Thursday, 19 May 2016

NHL shafting prospects that lack size

Adam Brooks led the WHL in scoring this past season.
    What is old has become new again if you are a small guy trying to make the NHL.
    When I covered the Regina Pats in the last half of the 1999-2000 season and first half of the 2000-01 campaign, two of their most exciting players to watch were Matt Hubbauer and Kevin Korol. Both were heart-and-soul skilled players, had tonnes of speed and competed hard night in and night out. Off the ice, they were gold in the dressing room becoming best friends with all of their teammates.
    Despite all their positive characteristics, you had a gut feeling that no matter how hard or how well Hubbauer and Korol performed they would never play in the NHL because of their size. Hubbauer stood 5-foot-10 and weighed 194 pounds, while Korol was 5-foot-10 and 175 pounds.
    While they played hard, it was viewed players like Hubbauer and Korol would not be able to hold up to the physical pounding a player takes in the NHL. Despite posting solid statistical seasons in their major junior careers, Hubbauer and Korol were never drafted and never played a shift in the regular season or playoffs in “The Show.”
    Fast forward to the current major junior campaign that is nearing completion with the Memorial Cup tournament getting underway Friday in Red Deer. Two of the most exciting players on the Pats this season were Adam Brooks and Cole Sanford. They were key in helping Regina advance to the second round of the WHL playoffs, where the Pats fell in an exciting seven-game series to the Memorial Cup hosting Red Deer Rebels.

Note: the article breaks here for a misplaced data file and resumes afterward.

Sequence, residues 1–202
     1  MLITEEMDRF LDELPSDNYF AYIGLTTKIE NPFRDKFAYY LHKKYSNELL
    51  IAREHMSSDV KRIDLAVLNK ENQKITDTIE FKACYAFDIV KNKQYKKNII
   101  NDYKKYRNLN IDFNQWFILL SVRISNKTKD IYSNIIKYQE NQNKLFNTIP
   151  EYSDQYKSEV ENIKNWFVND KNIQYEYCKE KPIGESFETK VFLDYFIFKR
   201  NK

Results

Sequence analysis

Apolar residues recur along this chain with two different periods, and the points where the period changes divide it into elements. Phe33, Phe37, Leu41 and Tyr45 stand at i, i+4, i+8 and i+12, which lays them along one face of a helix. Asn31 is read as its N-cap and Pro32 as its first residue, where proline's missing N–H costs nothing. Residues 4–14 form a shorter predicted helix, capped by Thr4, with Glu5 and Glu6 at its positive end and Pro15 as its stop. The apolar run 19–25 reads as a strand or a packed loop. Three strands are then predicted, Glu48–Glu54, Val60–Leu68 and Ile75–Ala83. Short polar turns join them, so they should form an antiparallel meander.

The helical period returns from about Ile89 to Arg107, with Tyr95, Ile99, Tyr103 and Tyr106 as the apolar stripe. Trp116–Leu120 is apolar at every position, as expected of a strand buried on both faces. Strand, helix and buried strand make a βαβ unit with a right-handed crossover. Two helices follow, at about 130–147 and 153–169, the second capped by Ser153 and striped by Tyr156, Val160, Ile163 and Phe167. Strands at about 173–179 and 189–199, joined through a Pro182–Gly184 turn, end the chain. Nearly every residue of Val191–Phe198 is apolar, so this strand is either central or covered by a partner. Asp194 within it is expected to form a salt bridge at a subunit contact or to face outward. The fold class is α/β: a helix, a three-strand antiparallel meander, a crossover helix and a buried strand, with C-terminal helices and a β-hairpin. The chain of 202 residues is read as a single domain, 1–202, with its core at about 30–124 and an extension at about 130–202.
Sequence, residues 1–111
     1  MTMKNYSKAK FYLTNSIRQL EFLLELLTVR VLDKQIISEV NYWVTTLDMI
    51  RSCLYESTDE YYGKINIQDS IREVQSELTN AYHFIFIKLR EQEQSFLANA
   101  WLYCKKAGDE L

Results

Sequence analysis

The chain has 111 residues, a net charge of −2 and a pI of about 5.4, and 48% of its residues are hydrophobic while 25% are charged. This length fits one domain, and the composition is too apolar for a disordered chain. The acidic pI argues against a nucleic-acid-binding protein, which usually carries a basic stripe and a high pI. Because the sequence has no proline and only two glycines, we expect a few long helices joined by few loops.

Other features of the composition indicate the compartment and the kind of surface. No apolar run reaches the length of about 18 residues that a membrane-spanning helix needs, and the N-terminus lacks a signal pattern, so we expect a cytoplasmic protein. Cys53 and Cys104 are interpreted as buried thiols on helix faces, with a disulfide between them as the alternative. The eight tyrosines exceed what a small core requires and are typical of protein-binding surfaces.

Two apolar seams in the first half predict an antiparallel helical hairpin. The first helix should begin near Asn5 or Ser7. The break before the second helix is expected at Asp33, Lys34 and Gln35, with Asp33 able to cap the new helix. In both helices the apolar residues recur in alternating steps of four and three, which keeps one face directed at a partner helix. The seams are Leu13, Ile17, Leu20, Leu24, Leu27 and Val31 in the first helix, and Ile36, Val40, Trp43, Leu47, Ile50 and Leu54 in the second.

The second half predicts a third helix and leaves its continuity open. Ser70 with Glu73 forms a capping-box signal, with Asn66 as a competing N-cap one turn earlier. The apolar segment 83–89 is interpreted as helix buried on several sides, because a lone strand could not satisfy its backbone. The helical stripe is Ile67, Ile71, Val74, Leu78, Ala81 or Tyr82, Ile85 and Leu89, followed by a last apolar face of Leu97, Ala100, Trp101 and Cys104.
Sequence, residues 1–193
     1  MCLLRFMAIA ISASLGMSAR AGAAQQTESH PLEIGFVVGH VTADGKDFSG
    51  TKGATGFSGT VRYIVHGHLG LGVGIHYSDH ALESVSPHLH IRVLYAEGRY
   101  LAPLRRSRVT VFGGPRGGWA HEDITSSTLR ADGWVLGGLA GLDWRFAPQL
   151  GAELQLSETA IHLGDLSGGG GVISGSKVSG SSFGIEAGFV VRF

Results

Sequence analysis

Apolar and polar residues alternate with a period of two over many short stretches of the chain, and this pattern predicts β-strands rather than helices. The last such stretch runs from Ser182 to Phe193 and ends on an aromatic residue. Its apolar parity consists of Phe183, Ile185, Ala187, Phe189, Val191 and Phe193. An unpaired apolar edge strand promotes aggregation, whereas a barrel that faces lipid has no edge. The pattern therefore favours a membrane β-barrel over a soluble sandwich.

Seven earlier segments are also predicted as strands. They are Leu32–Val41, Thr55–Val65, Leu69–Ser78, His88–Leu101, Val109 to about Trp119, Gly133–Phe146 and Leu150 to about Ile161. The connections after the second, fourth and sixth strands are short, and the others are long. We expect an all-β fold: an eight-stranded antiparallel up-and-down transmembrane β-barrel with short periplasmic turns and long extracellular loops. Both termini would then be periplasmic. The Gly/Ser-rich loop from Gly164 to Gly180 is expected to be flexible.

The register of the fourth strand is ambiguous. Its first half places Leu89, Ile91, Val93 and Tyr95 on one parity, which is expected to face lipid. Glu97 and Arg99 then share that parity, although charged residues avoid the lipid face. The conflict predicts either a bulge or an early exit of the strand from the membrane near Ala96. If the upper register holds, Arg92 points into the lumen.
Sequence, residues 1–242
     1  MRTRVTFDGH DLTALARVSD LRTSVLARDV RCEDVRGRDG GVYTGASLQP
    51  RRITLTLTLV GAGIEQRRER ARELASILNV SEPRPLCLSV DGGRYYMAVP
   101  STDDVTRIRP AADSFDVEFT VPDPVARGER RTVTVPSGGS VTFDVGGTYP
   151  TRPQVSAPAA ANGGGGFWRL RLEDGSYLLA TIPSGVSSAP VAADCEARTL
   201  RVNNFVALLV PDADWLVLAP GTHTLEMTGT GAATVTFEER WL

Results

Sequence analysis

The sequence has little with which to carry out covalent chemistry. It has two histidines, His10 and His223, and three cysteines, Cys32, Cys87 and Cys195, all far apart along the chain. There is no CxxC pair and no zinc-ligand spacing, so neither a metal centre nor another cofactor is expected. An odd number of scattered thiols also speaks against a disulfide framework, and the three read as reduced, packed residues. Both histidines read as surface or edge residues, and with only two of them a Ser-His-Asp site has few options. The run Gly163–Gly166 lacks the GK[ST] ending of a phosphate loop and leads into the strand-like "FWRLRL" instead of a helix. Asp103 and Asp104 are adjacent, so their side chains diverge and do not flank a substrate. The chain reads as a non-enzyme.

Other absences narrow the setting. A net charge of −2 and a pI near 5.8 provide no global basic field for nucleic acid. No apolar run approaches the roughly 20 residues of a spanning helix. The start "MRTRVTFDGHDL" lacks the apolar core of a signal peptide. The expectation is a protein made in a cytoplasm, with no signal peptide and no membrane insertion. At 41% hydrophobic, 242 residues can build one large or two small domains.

Matt Hubbauer used to pile up points for the Pats.
    As a 19-year-old veteran, Brooks topped the WHL in regular season scoring with 38 goals and 82 assists playing in all 72 regular season games. Sanford was an overage right-winger the Pats acquired in a trade with the Medicine Hat Tigers. In 63 regular season games in 2015-16, Sanford had 41 goals and 39 assists. In four seasons in the WHL, Sanford collected 126 goals and 123 assists in 260 career regular season games.
    Both were dynamite in the Pats 12-game playoff run. Brooks pick up seven goals and 16 assists, and Sanford posted seven goals and nine assists.
    Both also have shortcomings in the size department. Brooks stands 5-foot-10 and weighs 175 pounds, while Sanford stands 5-foot-9 and weighs 165 pounds.
    Neither player has been selected in the NHL Entry Draft, and they will likely be camp bodies when NHL training camps open this fall. That will likely be the closest either player comes to appearing in an NHL regular season or playoff game. Barring something unforeseen, Brooks will be back with the Pats next season as an overager.
    It seems like NHL scouts are just looking for players that stand 6-foot-3 and weigh in the neighbourhood of 210 pounds. Gifted Brandon Wheat Kings Centre Nolan Patrick is viewed as a perfect prospect, because he has the size, as he stands 6-foot-3 and weighs 195 pounds, to go along with his outstanding skill. The Winnipeg product isn’t eligible for the NHL Entry Draft until next year, so he will have lots of time to bulk up and fill out.
Cole Sanford (#26) has never been afraid to battle in the hard areas.
    The travesty is the fact the little guys with skill don’t seem to be on the radar of NHL scouts anymore. The WHL might be the most physical of any junior hockey circuit in the world, but players like Brooks and Sanford have still flourished. Both never shy away from battling the corners or other tough areas on the ice.
    They have proven they can play and should be given a real chance to make an NHL roster.
    At one time not long ago, the door was wide open for the little guy. From a period of about 2005 to 2008, there was a serious effort to crack down on obstruction at all levels of hockey. All of a sudden, the little guy with skill became a valuable asset.